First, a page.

By 1278, Nichiren’s followers were being confronted with intensifying threats and acts of violence aimed at swaying their faith. These disciples, who had never met Nichiren, came to understand his spirit through his letters and frequent encouragement conveyed by Nikko. Despite their newfound faith, they directly connected with the Daishonin’s spirit, and vowed to uphold their practice of the Lotus Sutra and to spread the Mystic Law.

The Daishonin encouraged them, stating, “Each of you should summon up the courage of a lion king and never succumb to threats from anyone” (“On Persecutions Befalling the Sage,” WND-1, 997). He also asks them to remind each other to “be prepared for the worst, and not to expect good times, but take the bad times for granted” (WND-1, 998).
The persecutions in Atsuhara came to a head on Sept. 21, 1279, when 20 farmers who were followers of Nichiren were arrested on false charges. Authorities interrogated, threatened and tortured these farmers in an attempt to force them to abandon their beliefs. However, they remained resolute. Months later, the brothers Jinshiro, Yagoro and Yarokuro were executed, and the remaining 17 were banished from their village.

Seeing the examples of these ordinary people fearlessly upholding faith and defying the harshest persecutions, even at the cost of their lives, convinced Nichiren that the time of kosen-rufu (widespread propagation) had arrived.

“For me it took twenty-seven years” (WND-1, 997)—indicates that after 27 years, Nichiren’s disciples demonstrated that Nichiren Buddhism was a teaching that could be championed by ordinary people—that it was a teaching that could lead all people to enlightenment. The appearance of these stalwart disciples signaled that Nichiren had fulfilled the “one great reason” for his appearance in this world, making it possible for all people to attain enlightenment.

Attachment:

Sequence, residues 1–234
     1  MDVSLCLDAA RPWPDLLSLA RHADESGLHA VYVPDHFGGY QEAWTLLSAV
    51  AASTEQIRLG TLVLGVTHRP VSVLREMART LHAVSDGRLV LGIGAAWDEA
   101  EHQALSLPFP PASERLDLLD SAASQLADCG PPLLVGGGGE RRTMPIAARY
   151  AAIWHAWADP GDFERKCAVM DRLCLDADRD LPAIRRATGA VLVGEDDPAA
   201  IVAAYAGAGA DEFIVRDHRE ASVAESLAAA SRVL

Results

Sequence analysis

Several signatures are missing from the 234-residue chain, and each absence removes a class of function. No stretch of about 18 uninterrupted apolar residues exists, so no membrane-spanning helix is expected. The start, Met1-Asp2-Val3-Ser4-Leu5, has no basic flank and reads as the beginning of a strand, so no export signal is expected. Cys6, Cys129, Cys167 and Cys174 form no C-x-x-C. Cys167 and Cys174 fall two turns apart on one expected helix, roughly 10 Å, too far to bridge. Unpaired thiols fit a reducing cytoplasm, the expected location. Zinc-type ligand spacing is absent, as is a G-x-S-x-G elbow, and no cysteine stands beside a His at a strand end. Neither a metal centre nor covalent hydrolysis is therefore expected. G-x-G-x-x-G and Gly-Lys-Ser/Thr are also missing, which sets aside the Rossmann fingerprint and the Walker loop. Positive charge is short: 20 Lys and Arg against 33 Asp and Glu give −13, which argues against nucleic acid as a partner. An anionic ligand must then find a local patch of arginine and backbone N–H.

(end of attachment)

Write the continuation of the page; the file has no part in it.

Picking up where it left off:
Embracing Nichiren Daishonin’s great vow as their own with pure-hearted faith, his disciples among the farmers of Atsuhara fought the persecution directed at them by tyrannical authorities. Their example of invincible commitment in the face of harsh persecution is a model of selfless dedication to propagating the Law based on faith solidly united with one’s mentor. It was an incomparable achievement proclaiming the victory of the Buddhism of the people for future generations.

Persecuted for their faith in the correct teaching, the unknown farmers of Atsuhara engaged in a struggle to win eternal spiritual freedom. They represented the emergence of a great power consisting of people who believe in and practice Nam-myoho-renge-kyo of the Three Great Secret Laws, the essence of the Lotus Sutra, and strive alongside the Daishonin for kosen-rufu. The foundation of the people’s Buddhism was thus firmly established. This marked the fulfillment of the purpose of Nichiren’s appearance in the world. The essence of Nichiren Buddhism is the emergence of people who are Bodhisattvas of the Earth possessing a profound mission, who take Bodhisattva Never Disparaging as their model.

For the Daishonin’s disciples, the appearance of the disciples among the farmers of Atsuhara who did not begrudge their lives for the sake of Buddhism became an immortal foundation for kosen-rufu that will shine for all time. (July 2016 Living Buddhism, pp. 47–48)